Jon Rahm: Masters win, entries in majors affected LIV decision

Winning last year's Masters, and the guaranteed spots in multiple majors that came with it, was a decisive factor in Jon Rahm's decision to switch to LIV Golf, according to the big-hitting Spanish player whose move stunned the golf world.

Rahm, 29, announced in December that he was joining the Saudi Arabia-backed LIV Golf League. He made his debut in Mexico last weekend, finishing in a tie for third.

Rahm had initially played down his chances of switching to LIV Golf, saying the huge financial incentives up for grabs did not really interest him.

But he now concedes that the money being offered was hard to turn down and the fact that he is guaranteed to be able to play in the Masters helped make up his mind.

"Winning the Masters was a huge step towards maybe thinking about it," Rahm told Golf.com's Breakthrough. "Being exempt from majors, knowing that most likely you can play the Masters for life and the U.S. Open at least until 2031, you know, I'm set with two of those, right, so it was a big determining factor."

Rahm reportedly received more than $300 million to join LIV Golf, and while he says he meant what he said in 2022 that he was already wealthy enough to enjoy a great lifestyle, the sums being offered eventually were too tempting.

"When I said that, I fully meant it and it was true. Now, when they slap you with a large amount of money in your face, your feelings do change," Rahm said. "I try not to be a materialistic person, but I do owe it to my family as well to set them up for success the best I can, and having kids I think changed that quite a bit. So the money is a part of it, I'm not going to lie."

Talks over a potential merger between LIV Golf and the PGA Tour have been ongoing since a framework agreement was reached in June, although an initial Dec. 31 deadline to rubber-stamp the deal was missed.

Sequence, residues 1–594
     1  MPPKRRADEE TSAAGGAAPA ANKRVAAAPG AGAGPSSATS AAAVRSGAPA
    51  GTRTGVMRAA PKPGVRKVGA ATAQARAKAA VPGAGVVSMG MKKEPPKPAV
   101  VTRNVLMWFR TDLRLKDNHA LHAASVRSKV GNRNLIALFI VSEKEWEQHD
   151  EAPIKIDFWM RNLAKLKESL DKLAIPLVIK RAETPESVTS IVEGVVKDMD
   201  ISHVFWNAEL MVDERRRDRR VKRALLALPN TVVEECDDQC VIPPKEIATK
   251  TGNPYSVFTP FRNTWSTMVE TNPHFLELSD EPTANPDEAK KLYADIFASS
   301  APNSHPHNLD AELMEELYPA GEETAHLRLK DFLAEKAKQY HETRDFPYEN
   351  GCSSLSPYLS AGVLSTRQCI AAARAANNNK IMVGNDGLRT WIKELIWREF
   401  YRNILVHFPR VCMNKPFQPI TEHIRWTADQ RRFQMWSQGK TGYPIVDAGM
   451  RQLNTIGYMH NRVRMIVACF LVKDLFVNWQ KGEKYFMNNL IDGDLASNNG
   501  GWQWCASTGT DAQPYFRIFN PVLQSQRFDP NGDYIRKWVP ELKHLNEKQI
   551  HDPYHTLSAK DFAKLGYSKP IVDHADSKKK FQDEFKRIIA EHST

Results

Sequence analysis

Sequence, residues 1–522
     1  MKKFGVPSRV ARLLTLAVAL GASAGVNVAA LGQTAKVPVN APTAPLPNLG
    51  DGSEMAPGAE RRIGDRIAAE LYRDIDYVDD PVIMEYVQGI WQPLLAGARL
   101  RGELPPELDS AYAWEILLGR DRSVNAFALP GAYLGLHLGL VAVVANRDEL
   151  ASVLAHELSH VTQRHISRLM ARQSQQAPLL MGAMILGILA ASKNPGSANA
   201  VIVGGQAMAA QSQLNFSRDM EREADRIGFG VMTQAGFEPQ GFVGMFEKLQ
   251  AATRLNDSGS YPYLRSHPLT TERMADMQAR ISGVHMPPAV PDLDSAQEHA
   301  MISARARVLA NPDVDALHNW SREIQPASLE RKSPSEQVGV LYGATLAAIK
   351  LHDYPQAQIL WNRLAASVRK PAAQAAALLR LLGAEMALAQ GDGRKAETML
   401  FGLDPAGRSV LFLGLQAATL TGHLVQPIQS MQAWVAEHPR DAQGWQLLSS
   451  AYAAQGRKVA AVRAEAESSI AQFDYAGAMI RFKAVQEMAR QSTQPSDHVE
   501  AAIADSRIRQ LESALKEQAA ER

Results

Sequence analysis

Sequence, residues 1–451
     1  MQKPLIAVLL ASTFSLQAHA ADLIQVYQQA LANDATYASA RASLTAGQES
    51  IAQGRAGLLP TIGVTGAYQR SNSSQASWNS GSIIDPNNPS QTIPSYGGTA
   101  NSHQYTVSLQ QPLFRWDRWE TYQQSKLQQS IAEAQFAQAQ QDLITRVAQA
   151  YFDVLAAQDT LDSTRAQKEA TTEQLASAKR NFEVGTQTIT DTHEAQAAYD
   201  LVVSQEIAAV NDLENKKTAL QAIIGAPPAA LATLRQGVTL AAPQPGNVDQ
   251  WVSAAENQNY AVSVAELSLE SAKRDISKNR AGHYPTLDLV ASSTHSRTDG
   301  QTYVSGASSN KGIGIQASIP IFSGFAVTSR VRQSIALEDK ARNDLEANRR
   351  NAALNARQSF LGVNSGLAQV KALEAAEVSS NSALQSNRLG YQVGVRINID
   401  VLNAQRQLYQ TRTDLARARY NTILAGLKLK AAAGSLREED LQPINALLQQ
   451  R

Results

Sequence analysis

Rahm said he hopes his decision to play LIV Golf might even help the two parties come together for the good of the sport.

"I truly hope that things can come together," he said. "I'm just hoping that we get to a point where it's coherent and there is coexistence and there's a path for people to enjoy the same perks that you have the tours.

"I hope that me coming is at least tipping the scales a little bit for the world of golf to come together because I do see a situation where we can end up with a great product for the crowds and to have golf as a better entertainment business than it was before."

Rahm will play in his second LIV Golf event at the Las Vegas Country Club this week. But conceded it is disappointing not being able to play his favorite tournaments on the PGA Tour.

"I'm hoping that in the near future I can be back playing some of those events," Rahm told reporters Tuesday. "I would certainly love to go back and play some of them.

"If there's ever a way back and a way where we can play, even if it's as an invite, I will take it. There's certain events that are special to me that I would still love to support."

Reuters contributed to this report.